Eugene Peterson’s book Eat this Book teaches us to chew on a passage of scripture, digest it, and then put it to use in practical ways. Our early Christian fathers and mothers called this process Lectio Divina. Today we look at an event from the gospel of Mark.
Tradition tells us that Mark wrote down stories passed along by Peter. But there are several candidates for the authorship including an unknown Jewish Christian and a gentile Christian. The one thing we know is that Mark did a new thing when he wrote about Jesus in this genre and called it a Gospel.
Kimberly Clayton Richter writes in The Spiritual Formation Bible that Mark doesn’t have time for the niceties we find at the beginning of Matthew or John:
“Mark doesn’t bother with shepherds or angels or baby pictures. Instead this Gospel reads like a block of ice dropped from the balcony into the deep end of the pool: ‘The beginning of the gospel of Jesus Christ the Son of God.’ Mark’s gospel is committed to our spiritual formation. . . . In Mark we are on a continuing journey as we, too, encounter the empty tomb and must decide where we will go and what we will say from here on.”
Mark 16: 1-7
“When the Sabbath was over, Mary Magdalene, Mary the mother of James, and Salome bought spices so they could embalm him. Very early on Sunday morning, as the sun rose, they went to the tomb. They worried out loud to each other, “Who will roll back the stone from the tomb for us?”
” Then they looked up, saw that it had been rolled back—it was a huge stone—and walked right in. They saw a young man sitting on the right side, dressed all in white. They were completely taken aback, astonished.
“He said, “Don’t be afraid. I know you’re looking for Jesus the Nazarene, the One they nailed on the cross. He’s been raised up; he’s here no longer. You can see for yourselves that the place is empty. Now—on your way. Tell his disciples and Peter that he is going on ahead of you to Galilee. You’ll see him there, exactly as he said.”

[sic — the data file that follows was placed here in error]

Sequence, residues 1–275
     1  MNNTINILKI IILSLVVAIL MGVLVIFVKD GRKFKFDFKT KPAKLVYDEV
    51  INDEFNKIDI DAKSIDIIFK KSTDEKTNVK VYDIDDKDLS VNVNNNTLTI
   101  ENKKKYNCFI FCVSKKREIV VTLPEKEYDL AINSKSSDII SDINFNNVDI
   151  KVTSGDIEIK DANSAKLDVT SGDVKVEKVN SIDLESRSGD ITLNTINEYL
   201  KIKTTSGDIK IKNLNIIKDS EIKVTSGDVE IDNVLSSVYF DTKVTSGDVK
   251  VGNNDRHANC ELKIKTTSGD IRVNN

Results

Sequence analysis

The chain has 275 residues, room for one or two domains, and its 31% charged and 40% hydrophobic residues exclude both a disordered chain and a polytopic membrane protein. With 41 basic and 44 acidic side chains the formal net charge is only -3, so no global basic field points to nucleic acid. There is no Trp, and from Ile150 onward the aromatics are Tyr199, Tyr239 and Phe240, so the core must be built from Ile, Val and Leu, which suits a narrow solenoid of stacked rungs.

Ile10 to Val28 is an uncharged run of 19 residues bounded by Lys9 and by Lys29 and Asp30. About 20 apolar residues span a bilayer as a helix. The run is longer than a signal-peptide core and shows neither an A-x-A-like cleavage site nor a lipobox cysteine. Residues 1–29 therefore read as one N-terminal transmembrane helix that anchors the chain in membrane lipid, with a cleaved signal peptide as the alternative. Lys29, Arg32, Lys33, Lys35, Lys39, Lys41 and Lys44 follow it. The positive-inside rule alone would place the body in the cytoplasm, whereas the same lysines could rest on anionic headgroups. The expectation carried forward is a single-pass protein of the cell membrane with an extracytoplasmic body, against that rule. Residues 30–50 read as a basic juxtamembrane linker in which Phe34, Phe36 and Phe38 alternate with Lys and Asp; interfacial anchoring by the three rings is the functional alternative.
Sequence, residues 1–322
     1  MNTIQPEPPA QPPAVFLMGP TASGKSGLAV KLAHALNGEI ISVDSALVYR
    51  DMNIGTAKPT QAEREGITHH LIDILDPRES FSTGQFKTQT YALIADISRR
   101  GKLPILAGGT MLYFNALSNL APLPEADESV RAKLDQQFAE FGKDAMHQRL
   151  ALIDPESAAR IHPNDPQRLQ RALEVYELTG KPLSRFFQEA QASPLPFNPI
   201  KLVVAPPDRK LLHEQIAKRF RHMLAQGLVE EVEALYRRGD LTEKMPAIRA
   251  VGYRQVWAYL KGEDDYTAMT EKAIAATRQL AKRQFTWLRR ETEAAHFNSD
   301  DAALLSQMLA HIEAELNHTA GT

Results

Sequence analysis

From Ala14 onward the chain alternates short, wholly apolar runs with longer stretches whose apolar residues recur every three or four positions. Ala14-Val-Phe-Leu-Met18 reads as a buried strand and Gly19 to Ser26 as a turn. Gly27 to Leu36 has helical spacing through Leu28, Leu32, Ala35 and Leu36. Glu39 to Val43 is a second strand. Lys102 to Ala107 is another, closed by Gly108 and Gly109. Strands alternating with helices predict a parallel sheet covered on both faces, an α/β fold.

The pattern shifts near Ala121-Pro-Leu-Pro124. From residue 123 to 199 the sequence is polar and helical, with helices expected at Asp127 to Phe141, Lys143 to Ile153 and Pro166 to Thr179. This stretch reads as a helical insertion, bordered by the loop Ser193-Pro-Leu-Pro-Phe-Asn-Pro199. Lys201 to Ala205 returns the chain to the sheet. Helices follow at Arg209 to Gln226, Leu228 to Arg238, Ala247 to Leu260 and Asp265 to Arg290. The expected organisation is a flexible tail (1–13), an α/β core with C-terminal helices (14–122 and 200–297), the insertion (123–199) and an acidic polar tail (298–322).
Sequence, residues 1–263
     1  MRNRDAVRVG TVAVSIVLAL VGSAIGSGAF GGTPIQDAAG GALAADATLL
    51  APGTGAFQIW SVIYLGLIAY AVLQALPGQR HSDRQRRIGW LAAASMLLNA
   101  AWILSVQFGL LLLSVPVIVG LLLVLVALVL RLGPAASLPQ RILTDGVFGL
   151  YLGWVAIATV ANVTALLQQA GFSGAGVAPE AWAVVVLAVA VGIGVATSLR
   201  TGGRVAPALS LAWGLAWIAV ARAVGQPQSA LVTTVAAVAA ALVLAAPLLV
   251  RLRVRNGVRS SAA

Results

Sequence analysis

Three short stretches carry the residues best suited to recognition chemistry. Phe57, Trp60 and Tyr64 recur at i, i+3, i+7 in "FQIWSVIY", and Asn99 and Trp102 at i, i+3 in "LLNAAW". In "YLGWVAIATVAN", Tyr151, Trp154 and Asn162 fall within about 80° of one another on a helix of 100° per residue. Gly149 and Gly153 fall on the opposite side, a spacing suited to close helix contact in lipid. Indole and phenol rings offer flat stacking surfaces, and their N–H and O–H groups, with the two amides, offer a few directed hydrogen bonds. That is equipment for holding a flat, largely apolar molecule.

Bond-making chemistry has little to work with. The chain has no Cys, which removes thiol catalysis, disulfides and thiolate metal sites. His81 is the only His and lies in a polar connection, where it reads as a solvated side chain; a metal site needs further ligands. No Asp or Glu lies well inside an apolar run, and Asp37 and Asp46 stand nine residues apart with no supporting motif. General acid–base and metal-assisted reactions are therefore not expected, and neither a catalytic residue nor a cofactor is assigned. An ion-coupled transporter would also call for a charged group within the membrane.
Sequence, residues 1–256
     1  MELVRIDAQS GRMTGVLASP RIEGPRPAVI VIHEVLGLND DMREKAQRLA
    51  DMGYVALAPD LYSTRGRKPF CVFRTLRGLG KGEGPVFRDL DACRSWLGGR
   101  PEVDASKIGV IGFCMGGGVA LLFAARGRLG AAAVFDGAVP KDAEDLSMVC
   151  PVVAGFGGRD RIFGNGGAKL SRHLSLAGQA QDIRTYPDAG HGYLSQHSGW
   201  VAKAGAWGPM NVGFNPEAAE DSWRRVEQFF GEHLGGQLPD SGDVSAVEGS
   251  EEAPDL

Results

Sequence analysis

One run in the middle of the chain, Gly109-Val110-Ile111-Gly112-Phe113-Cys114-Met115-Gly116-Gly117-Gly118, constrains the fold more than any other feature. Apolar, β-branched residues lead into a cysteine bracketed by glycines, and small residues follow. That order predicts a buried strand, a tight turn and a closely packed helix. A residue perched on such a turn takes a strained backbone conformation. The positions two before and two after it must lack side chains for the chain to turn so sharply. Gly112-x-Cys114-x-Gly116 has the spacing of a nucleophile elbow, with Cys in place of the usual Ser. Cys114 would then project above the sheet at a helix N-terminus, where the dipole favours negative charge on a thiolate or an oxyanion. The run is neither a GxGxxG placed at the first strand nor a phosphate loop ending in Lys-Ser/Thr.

Mark’s gospel can be divided into two major parts. The first eight chapters describe Jesus’ Galilean ministry. We learn who Jesus is and what he has come to do. Then at Mark 8:27 Jesus asks the crucial question: “Who do you say that I am?” Three times Jesus explains that “the Son of Man” will suffer, be rejected and killed, and rise after three days. But the disciples don’t get it. Mark shows us that while they are models of faithfulness at the beginning, they misunderstand Jesus; they doubt and are afraid. They fall asleep when he needs them most. We do the same.
♥ Read the Scripture passage again. Imagine you are the one who is worried about rolling the stone away. Imagine that someone sitting by the tomb tells you that there is no need for fear; the tomb is empty. He is going ahead of you and you will see him exactly as he said. Tell the others? What would you think? What would you do? (The women tell no one.)
♥ And now look at your own life. Do you act as if Jesus is alive? Have you found your voice? Do you tell anyone who will listen? Do you embody the truth of this story? Do you practice Christ’s inclusive love so that no one is treated as unclean or left in the margins of society? Holy Spirit, empower us so that the glory of the resurrection can be seen in our lives.
MORE FOOD FOR THOUGHT
“There is no event so commonplace that God is not present in it, always hidden, always leaving you room to recognize him or not to recognize him.” (Frederick Buechner)